- Breast tenderness
- Vaginal bleeding, heavy or light in severity
- Gastrointestinal issues
- Nausea, accompanied by pain
- Vomiting, accompanied by pain
Symptoms of ectopic pregnancy should be diagnosed by a health care practitioner immediately, thus it is essential that if any of the symptoms are present or you are concerned about an ectopic pregnancy, your doctor be contacted immediately for evaluation. If heavy vaginal bleeding accompanied by fainting, lightheadedness, and pain are present, it is vital that you visit an emergency treatment facility immediately, as these are symptoms of a potential ruptured fallopian tube and will need to be treated as a medical emergency.
During routine exams or emergency screenings, an ectopic pregnancy is diagnosed with a pelvic exam to locate the source of the pain. Additionally, an ultrasound may be performed to ensure the fallopian tubes have not ruptured and to determine the condition of the uterus. A pregnancy or blood test may also be given to measure hCG and progesterone levels and determine if they are within normal range or have dropped, as low levels could be a sign of an ectopic pregnancy.
In addition, your physician may choose to perform a culdocentesis, a procedure in which a needle is inserted behind the uterus at the very top of the vagina and in front of the rectum. The culdocentesis procedure checks for the presence of blood in this area, which can indicate bleeding from a ruptured fallopian tube.
Treatment of an ectopic pregnancy is determined based on how far the condition has progressed and how severe symptoms currently are, however medication or surgery are the only options.
In the early stages of an ectopic pregnancy, a doctor can inject a medication called methotrexate, which may also be referred to by the brand name Trexall. This methotrexate medication prevents the cells of the embryo from developing any further, and in most cases the cells are reabsorbed by the body. In many cases of ectopic pregnancy, this medication is the viable treatment. For those receiving a single dose of the medication, the average time for resolving an ectopic pregnancy is approximately 32 days, while it may take up to 58 days for those women who receive two or more doses.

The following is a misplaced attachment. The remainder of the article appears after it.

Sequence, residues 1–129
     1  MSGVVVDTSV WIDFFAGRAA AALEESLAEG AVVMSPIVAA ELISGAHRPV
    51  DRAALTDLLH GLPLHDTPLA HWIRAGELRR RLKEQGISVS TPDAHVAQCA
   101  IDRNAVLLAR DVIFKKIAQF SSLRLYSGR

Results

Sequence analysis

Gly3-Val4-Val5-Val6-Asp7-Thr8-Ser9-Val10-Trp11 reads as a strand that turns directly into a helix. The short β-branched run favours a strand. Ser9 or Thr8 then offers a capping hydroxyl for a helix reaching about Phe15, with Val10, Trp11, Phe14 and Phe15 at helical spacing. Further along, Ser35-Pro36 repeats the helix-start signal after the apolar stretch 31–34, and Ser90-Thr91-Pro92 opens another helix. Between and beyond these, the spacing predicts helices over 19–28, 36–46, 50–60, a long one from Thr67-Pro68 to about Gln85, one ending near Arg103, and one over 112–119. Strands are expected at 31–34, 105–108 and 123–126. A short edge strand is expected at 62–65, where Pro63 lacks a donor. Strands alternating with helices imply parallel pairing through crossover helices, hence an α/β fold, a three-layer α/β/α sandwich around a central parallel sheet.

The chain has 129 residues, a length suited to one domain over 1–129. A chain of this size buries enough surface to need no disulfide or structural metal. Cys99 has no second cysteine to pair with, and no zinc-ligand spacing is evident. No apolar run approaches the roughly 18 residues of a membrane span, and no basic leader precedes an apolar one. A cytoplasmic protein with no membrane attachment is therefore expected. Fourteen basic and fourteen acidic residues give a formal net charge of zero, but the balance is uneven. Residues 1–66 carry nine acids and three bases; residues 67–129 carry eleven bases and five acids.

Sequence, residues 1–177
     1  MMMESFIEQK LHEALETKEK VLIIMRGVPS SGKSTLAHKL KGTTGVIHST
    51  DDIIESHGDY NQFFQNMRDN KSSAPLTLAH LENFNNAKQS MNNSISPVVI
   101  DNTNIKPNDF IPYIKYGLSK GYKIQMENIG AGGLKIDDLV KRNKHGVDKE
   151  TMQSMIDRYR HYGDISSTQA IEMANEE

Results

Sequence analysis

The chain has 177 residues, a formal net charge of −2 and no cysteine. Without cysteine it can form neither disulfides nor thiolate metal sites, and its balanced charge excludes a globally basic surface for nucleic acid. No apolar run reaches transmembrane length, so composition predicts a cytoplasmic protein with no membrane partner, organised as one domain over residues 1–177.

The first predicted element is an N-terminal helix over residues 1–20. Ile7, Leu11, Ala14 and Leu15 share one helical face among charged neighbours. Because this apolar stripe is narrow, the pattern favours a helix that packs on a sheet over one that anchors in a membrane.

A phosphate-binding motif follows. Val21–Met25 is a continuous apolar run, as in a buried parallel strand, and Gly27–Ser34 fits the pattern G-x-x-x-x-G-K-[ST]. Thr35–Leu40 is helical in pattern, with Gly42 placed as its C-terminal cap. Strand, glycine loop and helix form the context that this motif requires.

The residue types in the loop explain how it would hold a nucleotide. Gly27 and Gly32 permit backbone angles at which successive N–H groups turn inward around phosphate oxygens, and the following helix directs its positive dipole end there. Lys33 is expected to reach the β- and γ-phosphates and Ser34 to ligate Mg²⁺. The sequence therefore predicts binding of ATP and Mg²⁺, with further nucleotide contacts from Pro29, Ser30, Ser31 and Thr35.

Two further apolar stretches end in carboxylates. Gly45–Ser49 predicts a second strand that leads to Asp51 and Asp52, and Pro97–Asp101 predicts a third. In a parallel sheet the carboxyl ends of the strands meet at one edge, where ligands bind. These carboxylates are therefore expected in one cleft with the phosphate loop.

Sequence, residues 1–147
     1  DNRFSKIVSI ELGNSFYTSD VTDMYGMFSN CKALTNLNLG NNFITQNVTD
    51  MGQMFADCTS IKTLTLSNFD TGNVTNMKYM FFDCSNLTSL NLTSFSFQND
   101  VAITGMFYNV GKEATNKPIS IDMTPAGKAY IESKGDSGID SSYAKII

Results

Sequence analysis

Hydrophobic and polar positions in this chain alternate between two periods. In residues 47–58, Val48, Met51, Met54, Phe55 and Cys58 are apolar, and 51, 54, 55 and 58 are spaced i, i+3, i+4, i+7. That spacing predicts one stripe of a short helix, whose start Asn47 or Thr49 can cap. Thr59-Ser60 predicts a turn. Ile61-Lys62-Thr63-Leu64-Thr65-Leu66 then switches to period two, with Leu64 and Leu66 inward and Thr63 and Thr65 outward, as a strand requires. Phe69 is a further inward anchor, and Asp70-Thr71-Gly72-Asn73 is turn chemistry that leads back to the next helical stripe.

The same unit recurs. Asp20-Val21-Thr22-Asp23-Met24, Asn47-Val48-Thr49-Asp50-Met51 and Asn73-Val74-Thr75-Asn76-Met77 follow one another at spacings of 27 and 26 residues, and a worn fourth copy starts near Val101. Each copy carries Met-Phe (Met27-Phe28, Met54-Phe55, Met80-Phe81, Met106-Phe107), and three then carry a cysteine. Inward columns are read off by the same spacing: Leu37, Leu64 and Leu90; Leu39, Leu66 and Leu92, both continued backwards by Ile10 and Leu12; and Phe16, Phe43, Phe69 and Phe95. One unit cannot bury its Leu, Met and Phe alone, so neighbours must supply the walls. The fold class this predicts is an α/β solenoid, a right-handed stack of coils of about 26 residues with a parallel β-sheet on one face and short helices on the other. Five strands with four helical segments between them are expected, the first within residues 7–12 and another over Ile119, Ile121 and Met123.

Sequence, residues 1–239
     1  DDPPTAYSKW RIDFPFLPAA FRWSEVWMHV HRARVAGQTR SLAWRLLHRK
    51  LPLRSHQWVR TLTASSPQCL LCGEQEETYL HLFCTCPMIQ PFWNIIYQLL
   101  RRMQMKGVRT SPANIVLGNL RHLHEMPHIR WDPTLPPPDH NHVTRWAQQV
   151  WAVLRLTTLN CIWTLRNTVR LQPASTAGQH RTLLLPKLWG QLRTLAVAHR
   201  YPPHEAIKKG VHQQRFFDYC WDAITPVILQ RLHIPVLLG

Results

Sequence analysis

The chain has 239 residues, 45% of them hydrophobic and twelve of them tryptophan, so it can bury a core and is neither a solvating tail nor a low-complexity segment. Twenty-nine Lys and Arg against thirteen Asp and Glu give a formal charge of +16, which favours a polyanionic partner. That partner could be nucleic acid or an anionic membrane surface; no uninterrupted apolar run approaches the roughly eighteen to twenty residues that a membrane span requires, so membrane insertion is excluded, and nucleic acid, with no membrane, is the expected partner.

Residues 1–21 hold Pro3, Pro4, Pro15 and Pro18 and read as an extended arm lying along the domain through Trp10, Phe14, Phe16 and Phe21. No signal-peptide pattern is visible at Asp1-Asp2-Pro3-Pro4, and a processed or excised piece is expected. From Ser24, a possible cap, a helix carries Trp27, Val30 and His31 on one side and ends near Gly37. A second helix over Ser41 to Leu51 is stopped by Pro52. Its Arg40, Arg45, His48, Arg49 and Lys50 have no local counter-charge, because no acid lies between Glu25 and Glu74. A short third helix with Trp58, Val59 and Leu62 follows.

Ectopic pregnancies that are further along or if the fallopian tube has stretched, ruptured, or has begun bleeding, a surgery will need to be performed to remove the part or all of the fallopian tube. In many cases, laparoscopic surgery is possible, using only a small incision in the lower abdomen. During this surgery a surgeon will remove the ectopic pregnancy and repair or remove the affected fallopian tube. If the unaffected fallopian tube looks healthy, surgeons will generally remove the entire affected fallopian tube, however trying to remove the pregnancy without removing the whole tube may be attempted.
After surgical treatment, your doctor will perform a blood test to looks for hormone changes that indicate pregnancy to confirm that the pregnancy has ended so you are no longer at risk for serious and even life-threatening issues.
Most women who have experienced an ectopic pregnancy are able to have a healthy pregnancy afterward, even in cases where one fallopian tube was completely removed. Some health care providers recommend waiting for three to six months before trying to get pregnant again, and your doctor or health care provider may also recommend visiting a fertility specialist before trying again. Although removal of one fallopian tube may make it more difficult to get pregnant again, it is still possible.
For women who have previously been treated for an ectopic pregnancy, there is a 10 percent risk of recurrence, which is why it’s important to work with your doctor and healthcare team when planning for a future pregnancy.